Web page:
Le Relax in St. Raphael

The Côte d’Azur (the French Riviera) is more a concept than a geographical entity. While Nice is its largest city, the Cote stretches from the Italian border to just about Marseille.

Between the bling of Cannes and the bling bling of St. Tropez lies St. Raphael. A town of 30,000 people (plus another 50,000 in its adjacent city of Frejus), it was settled by the Romans and still offers Roman ruins. But it is a bit of a backwater, despite its gorgeous beaches and end-to-end restaurants.

When confinement was lifted in May, the government allowed travel within 100 km, so I rented a place in St. Raphael where I am now ensconced. I really like it. I’m even considering getting a weekend place here.

It is different from Nice. It feels more like a resort than a city, but it has all the necessities of a city. The path along the beach is not developed. There are some beachfront picnic areas, that offer ice cream and a quart de vin for 5€. The beaches are mostly public and don’t offer much beyond the sea and a few showers.

My apartment is just across the road from the beach.

View from the apartment

We (Ellie and I) arrived yesterday. We had a lovely dinner at a Moroccan restaurant. Today we met a friend at the marchė then had lunch across from the beach.

After a nap, I had a swim in the sea. Then Ellie and I took a walk.

Boules on the beach

La Cerise sur le Gâteau (the Cherry on the cake)

Do we have this expression in english? I am becoming so franglaise that I no longer remember. So today was the last of the birthday celebrations until (if) I ever get to New York. Roselyne invited our group out to her home, in Nice, but with the feel of the country. I felt like I was in one of those delightful French comedies where the family gathers around for an alfresco feast.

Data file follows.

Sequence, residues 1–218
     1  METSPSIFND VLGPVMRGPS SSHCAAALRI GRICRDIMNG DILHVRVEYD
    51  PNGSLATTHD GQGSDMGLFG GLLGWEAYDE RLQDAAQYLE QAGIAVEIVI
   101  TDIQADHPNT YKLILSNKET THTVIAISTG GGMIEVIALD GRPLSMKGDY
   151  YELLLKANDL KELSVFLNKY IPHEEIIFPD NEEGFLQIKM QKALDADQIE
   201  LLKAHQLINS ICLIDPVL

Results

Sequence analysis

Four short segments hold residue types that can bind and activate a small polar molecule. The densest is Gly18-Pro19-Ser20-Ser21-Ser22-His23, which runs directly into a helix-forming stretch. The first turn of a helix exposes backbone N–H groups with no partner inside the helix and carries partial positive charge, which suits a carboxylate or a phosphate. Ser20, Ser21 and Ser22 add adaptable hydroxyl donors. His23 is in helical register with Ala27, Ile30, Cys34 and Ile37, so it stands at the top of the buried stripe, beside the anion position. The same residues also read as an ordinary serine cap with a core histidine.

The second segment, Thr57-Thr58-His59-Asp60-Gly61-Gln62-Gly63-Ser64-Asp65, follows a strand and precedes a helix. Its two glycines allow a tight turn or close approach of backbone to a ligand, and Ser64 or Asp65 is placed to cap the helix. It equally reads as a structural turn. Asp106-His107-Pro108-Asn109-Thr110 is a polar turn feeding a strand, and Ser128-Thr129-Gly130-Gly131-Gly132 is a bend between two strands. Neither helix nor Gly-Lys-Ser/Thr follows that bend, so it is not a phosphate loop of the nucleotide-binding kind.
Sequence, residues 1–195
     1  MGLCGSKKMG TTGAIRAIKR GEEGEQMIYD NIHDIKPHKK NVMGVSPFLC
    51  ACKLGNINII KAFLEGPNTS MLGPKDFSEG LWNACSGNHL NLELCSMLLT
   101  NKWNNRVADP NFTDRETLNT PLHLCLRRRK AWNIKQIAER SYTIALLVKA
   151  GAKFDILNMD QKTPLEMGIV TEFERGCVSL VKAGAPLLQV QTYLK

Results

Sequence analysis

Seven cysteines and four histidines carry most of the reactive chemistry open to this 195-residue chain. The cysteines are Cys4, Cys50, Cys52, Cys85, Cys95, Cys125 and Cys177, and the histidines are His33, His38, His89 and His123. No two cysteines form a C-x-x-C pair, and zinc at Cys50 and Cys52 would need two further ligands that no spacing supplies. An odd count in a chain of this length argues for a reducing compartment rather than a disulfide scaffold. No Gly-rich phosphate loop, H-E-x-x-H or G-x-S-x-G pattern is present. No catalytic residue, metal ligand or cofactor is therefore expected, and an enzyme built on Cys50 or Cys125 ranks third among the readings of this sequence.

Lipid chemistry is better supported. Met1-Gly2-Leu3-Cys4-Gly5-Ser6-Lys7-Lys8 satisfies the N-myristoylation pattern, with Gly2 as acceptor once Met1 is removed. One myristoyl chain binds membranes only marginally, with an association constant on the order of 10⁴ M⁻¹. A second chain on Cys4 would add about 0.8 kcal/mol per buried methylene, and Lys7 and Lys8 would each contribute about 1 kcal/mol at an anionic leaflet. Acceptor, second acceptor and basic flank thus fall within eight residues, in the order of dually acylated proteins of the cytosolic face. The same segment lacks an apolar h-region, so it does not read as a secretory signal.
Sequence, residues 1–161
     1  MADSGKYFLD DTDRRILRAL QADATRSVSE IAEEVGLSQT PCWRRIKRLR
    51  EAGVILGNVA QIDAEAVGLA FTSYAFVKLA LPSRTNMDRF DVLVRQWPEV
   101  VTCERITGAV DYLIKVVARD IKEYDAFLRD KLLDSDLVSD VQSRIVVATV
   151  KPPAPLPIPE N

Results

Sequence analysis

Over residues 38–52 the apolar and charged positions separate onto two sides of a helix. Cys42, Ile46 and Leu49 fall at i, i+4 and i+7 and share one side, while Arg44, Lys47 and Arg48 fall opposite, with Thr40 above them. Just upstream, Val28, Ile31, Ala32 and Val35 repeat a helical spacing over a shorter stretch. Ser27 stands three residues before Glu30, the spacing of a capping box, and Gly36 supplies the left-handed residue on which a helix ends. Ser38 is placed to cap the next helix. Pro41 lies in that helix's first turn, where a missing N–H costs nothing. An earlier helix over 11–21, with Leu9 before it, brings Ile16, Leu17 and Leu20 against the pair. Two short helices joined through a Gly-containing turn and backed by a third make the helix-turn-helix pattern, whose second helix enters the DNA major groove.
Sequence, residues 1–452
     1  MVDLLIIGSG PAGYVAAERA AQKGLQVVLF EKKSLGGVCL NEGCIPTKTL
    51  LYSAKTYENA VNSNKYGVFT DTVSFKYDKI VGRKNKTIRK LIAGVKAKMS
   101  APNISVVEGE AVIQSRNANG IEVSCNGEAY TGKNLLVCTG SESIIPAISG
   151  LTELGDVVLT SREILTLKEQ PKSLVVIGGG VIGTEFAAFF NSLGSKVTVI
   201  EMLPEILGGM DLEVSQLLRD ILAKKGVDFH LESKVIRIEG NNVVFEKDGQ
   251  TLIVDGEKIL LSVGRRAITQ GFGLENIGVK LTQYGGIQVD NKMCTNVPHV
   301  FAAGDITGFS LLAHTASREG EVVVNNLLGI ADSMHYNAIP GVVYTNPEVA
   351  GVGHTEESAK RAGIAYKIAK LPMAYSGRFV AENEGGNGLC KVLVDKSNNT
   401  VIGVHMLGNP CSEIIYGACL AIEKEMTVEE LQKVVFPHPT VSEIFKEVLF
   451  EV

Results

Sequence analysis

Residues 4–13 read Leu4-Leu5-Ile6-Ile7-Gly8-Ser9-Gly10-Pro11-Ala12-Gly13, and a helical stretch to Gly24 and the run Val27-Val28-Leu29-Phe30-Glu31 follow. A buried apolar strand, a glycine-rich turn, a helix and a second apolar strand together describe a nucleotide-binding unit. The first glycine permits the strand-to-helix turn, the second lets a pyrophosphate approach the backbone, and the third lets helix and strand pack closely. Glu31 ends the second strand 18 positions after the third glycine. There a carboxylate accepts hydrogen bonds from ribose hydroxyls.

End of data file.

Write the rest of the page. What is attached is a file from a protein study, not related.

Nicole brought foie gras. Roselyne made a cold beet soup. Annie made her famous Caesar salad. Roselyne also made a marinated beef with zucchini from her garden. Polished off with Michele’s cherry clafoutis. And appropriate selections from George’s cellar, including homemade limoncello.

Plus thoughtful gifts, nonstop conversation (politics and food, mostly) Not only a feast but the cherry on the cake—Roselyne and George’s pool.

If any of my American friends is still wondering why I have chosen to live here…C’est évident, non?

Birthday Week

Thank you to everyone for your birthday wishes. I was overwhelmed by all the calls and messages from 5 countries. From London, this beautiful bouquet.

Sunday I had lunch on the beach with my French/American friend Anne.

Today my French friend Roselyne (who is married to a Scot) invited me to a cooking class. Kind of hard to taste wearing masks but I learned a lot. Pistou is the french version of pesto, made without pignoli or Parmesan but with whole olives and preserved lemon. The finished dish consisted of chicken breasts au pistou with zucchini (or courgettes for you Brits).

Still to come: a luncheon for me next Saturday and, of course, another round of celebrations when I finally get to New York.

Getting older doesn’t seem so bad when you have all this. I have no complaints.